Song JY, Chun BC, Kim SD, Baek LJ, Kim SH, Sohn JW, et al. Epidemiology of hemorrhagic fever with renal syndrome in endemic area of the Republic of Korea, 1995-1998. J Korean Med Sci. 2006;21(4):614–20.
Sames WJ, Klein TA, Kim HC, Cheong ST, Lee IY, Gu SH, et al. Ecology of hantaan virus at twin bridges training area, Gyeonggi province, republic of Korea, 2005-2007. J Vector Ecol. 2009;34(2):225–31.
Lee SH, Chung BH, Lee WC, Choi IS. Epidemiology of hemorrhagic fever with renal syndrome in Korea, 2001-2010. J Korean Med Sci. 2013;28(10):1552–4.
Cho MK, Kee SH, Song HJ, Kim KH, Song KJ, Baek LJ, et al. Infection rate of Leptospira interrogans in the field rodent, Apodemus agrarius, in Korea. Epidemiol Infect. 1998;121(3):685–90.
Kim SS, Kim KJ. Epidemiologic characteristics and trends of leptospirosis in Korea by literature review. Korean J Epidemiol. 1994;16(1):553–61. in Korean
Kang S, Lee KJ, Park K, Jung S. Clinical features of leptospirosis experienced in a university hospital between 2001 and 2007. Korean J Med. 2009;77(4):453–60. in Korean
Chang WG, Song MJ, Cha YH, Kim KG, Paik UH, Kim YK, et al. An epidemiological and clinical study of leptospirosis acquired by twelves combat policemen in September, 2000. Korean J Med. 2001;61(5):553–61. in Korean
Kim MJ. Leptospirosis in the Republic of Korea: historical perspectives, current status and future challenges. Infect Chemother. 2013;45(2):137–44.
O’Guinn ML, Klein TA, Lee JS, Kim HC, Baek LJ, Cheong ST, et al. Ecological surveillance of small mammals at firing points 10 and 60, Gyeonggi province, Republic of Korea, 2001-2005. J Vector Ecol. 2008;33(2):370–84.
Lednicky JA. Hantaviruses. Arch Pathol Lab Med. 2003;127:30–5.
Mills JN, Gage KL, Khan AS. Potential influence of climate change on vector-borne and zoonotic diseases: a review and proposed research plan. Environ Health Perspect. 2010;118(11):1507–14.
Hjelle B, Glass GE. Outbreak of hantavirus infection in the four corners region of the United States in the wake of the 1997-1998 el Niño-southern oscillation. J Infect Dis. 2000;181(5):1569–73.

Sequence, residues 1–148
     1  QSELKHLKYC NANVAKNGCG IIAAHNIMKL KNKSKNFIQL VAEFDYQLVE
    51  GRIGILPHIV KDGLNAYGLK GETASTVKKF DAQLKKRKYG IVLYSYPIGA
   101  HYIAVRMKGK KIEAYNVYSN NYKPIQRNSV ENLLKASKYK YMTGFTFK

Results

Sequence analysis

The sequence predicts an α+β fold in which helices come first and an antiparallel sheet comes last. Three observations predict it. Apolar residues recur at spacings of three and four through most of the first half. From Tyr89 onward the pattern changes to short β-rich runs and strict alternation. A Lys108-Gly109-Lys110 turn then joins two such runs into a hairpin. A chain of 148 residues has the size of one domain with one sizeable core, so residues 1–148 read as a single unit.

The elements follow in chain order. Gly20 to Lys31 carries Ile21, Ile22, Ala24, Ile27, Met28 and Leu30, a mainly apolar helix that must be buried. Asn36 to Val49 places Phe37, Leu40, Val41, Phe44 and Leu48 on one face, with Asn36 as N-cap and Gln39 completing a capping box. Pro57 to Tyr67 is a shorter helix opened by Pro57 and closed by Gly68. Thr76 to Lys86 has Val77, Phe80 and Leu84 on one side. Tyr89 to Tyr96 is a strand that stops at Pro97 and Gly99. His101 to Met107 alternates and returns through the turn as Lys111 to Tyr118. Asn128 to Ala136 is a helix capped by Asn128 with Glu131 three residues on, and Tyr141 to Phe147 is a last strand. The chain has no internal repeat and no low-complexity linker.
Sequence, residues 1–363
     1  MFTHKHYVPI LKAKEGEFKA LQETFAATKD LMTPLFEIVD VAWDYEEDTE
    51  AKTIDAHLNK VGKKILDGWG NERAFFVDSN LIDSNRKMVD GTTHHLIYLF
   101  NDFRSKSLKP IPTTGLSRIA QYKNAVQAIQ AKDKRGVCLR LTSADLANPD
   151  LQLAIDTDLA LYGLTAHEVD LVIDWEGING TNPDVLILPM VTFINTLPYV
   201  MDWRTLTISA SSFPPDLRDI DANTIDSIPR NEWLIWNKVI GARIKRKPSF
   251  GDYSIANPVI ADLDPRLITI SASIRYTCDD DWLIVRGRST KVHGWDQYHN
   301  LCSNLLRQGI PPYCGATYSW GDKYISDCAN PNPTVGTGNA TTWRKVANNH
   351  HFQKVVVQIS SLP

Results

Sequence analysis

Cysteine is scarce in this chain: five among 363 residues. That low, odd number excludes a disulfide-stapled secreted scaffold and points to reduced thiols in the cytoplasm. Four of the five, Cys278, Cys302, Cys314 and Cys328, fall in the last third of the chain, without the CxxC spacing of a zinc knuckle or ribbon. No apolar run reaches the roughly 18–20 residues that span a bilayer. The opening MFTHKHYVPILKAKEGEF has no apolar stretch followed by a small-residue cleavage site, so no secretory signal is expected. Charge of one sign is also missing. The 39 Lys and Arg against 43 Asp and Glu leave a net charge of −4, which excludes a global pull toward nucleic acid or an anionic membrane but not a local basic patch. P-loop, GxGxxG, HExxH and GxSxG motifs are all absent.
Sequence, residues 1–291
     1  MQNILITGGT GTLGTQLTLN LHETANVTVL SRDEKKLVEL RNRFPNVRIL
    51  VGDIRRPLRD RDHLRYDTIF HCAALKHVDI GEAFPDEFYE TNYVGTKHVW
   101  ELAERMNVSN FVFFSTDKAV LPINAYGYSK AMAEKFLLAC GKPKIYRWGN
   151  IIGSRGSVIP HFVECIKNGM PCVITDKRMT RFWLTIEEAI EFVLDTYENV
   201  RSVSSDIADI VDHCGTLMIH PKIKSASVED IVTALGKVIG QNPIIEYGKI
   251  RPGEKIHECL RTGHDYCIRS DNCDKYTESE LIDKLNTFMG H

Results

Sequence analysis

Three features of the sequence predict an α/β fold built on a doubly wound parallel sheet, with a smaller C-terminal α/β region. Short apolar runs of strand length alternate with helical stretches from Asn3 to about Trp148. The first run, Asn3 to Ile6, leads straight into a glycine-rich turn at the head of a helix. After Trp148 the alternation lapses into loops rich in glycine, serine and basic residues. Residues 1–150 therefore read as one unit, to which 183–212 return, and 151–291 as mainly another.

Korea Centers for Disease control and Prevention (KCDC), Ministry of Health and Welfare, Republic of Korea 2013. http://www. cdc. go. kr. Accessed May 2017.
Korean Meterological Agency (KMA), the Republic of Korea. https://data.kma.go.kr/data/grnd/selectAsosList.do?pgmNo=34. Accessed May 2017.
Korean Statistical Information Service (KOSIS), Statistics Korea, the Republic of Korea.http://kosis.kr/eng/. Accessed May 2017.
Administrative Divisions of Countries (Statoids): http://statoids.com/ukr.html. Accessed May 2017.
Yang AC, Fuh JL, Huang NE, Shia BC, Peng CK, Wang SJ. Temporal association between weather and headache: analysis by empirical mode decomposition. PLoS One. 2011;6(1):e14612.
Kutner MH, Nachtsheim CJ, Neter J, Li W. Applied linear statistical models. 5th edition. McGraw-Hill/Irwin; 2004. p.384–420.
Yu PB, Tian JY, Ma CF, Wei J, Lu XL, Wang Z, et al. Hantavirus infection in rodents and hemorrhagic fever with renal syndrome in Shaanxi province, China, 1984-1912. Epidemiol Infect. 2015;143(2):405–11.
Anderson RM, May RM. The invasion, persistence and spread of infectious diseases within animal and plant communities. Philos Trans R Soc Lond Ser B Biol Sci. 1986;314(1167):533–70.
Jang Y, Kim H, Bang HA, Lee MJ, Che NH, Lee WC. Epidemiological aspects of human brucellosis and leptospirosis outbreaks in Korea. J Clin Med Res. 2011;3(4):199–202.
Klein SL, Marks MA, Li W, Glass GE, Fang LQ, Ma JQ, et al. Sex differences in the incidence and case fatality rates from hemorrhagic fever with renal syndrome in China, 2004-2008. Clin Infect Dis. 2011;52(12):1414–21.
Bakoss P, Macháčová E, Jareková J. Long-term trends in the epidemiology of human leptospirosis (Slovak Republic, 1954-2006). Eur J Clin Microbiol Infect Dis. 2012;31(9):2167–76.